When in his Annual Report for 1905 the Registrar General for Ireland pointed out to the lately arrived Lord Lieutenant, The Earl of Aberdeen, that annually in every 100 deaths in Ireland 16 were victims of tuberculosis, Lady Aberdeen took notice. In March 1907 she founded the WNHA with the clear duty of taking part in the fight against the appalling ravages of that disease, and organised a Tuberculosis Exhibition the following October. And so began a campaign that led to the building of Peamount Sanatorium in county Dublin, the Allan Ryan Hospital at Ringsend, and the Collier Dispensary in the city centre. However, the Irish parliamentarians at Westminster emasculated the Tuberculosis Prevention (Ireland) Act 1908 by ensuring that notification was not made compulsory. Passage of the National Health Insurance Act (1911) necessitated changes that resulted in the Tuberculosis Prevention (Ireland) Act (1913), but the crucial shortcomings of the earlier Act were not rectified: notification was necessary but still not compulsory. Lady Aberdeen recognised this serious flaw she was powerless to correct, and turned to propaganda, editing Sláinte, a monthly magazine founded in January 1909 by the WNHA, and editing a three-volume account of Ireland’s Crusade Against Tuberculosis (1908-1909). PMID:23536737

  6. Development and Implementation of NASA's Lead Center for Rocket Propulsion Testing

    NASA Technical Reports Server (NTRS)

    Dawson, Michael C.

    2001-01-01

    With the new millennium, NASA's John C. Stennis Space Center (SSC) continues to develop and refine its role as rocket test service provider for NASA and the Nation. As Lead Center for Rocket Propulsion Testing (LCRPT), significant progress has been made under SSC's leadership to consolidate and streamline NASA's rocket test infrastructure and make this vital capability truly world class. NASA's Rocket Propulsion Test (RPT) capability consists of 32 test positions with a replacement value in excess of $2B. It is dispersed at Marshall Space Flight Center (MSFC), Johnson Space Center (JSC)-White Sands Test Facility (WSTF), Glenn Research Center (GRC)-Plum Brook (PB), and SSC and is sized appropriately to minimize duplication and infrastructure costs. The LCRPT also provides a single integrated point of entry into NASA's rocket test services. The RPT capability is managed through the Rocket Propulsion Test Management Board (RPTMB), chaired by SSC with representatives from each center identified above. The Board is highly active, meeting weekly, and is key to providing responsive test services for ongoing operational and developmental NASA and commercial programs including Shuttle, Evolved Expendable Launch Vehicle, and 2nd and 3rd Generation Reusable Launch Vehicles. The relationship between SSC, the test provider, and the hardware developers, like MSFC, is critical to the implementation of the LCRPT. Much effort has been expended to develop and refine these relationships with SSC customers. These efforts have met with success and will continue to be a high priority to SSC for the future. To data in the exercise of its role, the LCRPT has made 22 test assignments and saved or avoided approximately $51M. The LCRPT directly manages approximately $30M annually in test infrastructure costs including facility maintenance and upgrades, direct test support, and test technology development. This annual budges supports rocket propulsion test programs which have an annual budget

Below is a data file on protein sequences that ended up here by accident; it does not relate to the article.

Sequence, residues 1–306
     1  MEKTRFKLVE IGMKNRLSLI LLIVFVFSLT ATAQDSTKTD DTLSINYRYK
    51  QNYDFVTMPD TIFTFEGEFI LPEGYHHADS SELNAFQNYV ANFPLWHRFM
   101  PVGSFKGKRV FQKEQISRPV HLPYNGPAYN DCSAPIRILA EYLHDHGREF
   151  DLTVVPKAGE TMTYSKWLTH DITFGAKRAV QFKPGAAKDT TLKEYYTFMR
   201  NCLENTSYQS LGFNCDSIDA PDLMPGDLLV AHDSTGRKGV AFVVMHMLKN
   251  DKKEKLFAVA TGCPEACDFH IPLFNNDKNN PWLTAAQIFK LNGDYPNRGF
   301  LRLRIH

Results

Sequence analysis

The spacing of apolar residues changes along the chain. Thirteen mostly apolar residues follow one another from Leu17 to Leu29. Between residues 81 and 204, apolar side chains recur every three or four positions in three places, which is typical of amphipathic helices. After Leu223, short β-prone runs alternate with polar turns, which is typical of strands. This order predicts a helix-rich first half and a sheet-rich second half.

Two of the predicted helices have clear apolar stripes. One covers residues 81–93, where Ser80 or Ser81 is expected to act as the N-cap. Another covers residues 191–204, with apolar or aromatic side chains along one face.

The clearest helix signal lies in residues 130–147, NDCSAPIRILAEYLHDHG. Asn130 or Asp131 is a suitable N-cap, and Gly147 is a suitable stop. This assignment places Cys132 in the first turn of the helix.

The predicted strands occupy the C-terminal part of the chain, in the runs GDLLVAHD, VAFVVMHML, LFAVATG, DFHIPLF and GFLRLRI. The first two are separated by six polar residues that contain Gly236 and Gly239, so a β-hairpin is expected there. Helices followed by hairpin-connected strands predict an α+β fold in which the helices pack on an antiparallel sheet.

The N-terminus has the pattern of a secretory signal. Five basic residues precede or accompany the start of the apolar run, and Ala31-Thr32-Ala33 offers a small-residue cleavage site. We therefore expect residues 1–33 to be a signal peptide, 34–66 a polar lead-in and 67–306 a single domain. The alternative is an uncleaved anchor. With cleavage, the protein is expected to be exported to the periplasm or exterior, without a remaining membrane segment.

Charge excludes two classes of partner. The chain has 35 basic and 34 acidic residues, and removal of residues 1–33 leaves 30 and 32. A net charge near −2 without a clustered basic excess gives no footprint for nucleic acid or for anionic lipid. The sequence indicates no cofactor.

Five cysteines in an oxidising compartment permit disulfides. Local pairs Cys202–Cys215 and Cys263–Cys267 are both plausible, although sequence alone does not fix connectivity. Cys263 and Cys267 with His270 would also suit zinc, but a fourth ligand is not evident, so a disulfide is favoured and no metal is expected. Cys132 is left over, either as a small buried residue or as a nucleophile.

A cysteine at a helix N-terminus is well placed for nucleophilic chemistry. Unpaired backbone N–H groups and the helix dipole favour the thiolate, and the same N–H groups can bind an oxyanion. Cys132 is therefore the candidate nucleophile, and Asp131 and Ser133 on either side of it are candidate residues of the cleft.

7. Patients’ Perceptions of Colorectal Cancer Screening Tests and Preparatory Education in Federally Qualified Health Centers1

    PubMed Central

    Gwede, Clement K.; Koskan, Alexis M.; Quinn, Gwendolyn P.; Davis, Stacy N.; Ealey, Jamila; Abdulla, Rania; Vadaparampil, Susan T.; Elliott, Gloria; Lopez, Diana; Shibata, David; Roetzheim, Richard G.; Meade, Cathy D.

    2014-01-01

    Background This study explored federally qualified health center (FQHC) patients’ perceptions about colorectal cancer screening (CRCS) tests, including immunochemical fecal occult blood tests (iFOBT), as well as preferences for receiving in-clinic education about CRCS. Methods Eight mixed-gender focus groups were conducted with 53 patients. Results Findings centered on three thematic factors: 1) motivators and impediments to CRCS, 2) test-specific preferences and receptivity to iFOBTs, and 3) preferences for entertaining and engaging plain language materials. Conclusion Results informed the development of educational priming materials to increase CRCS using iFOBT in FQHCs. PMID:25249181

  8. Patients' perceptions of colorectal cancer screening tests and preparatory education in federally qualified health centers.

    PubMed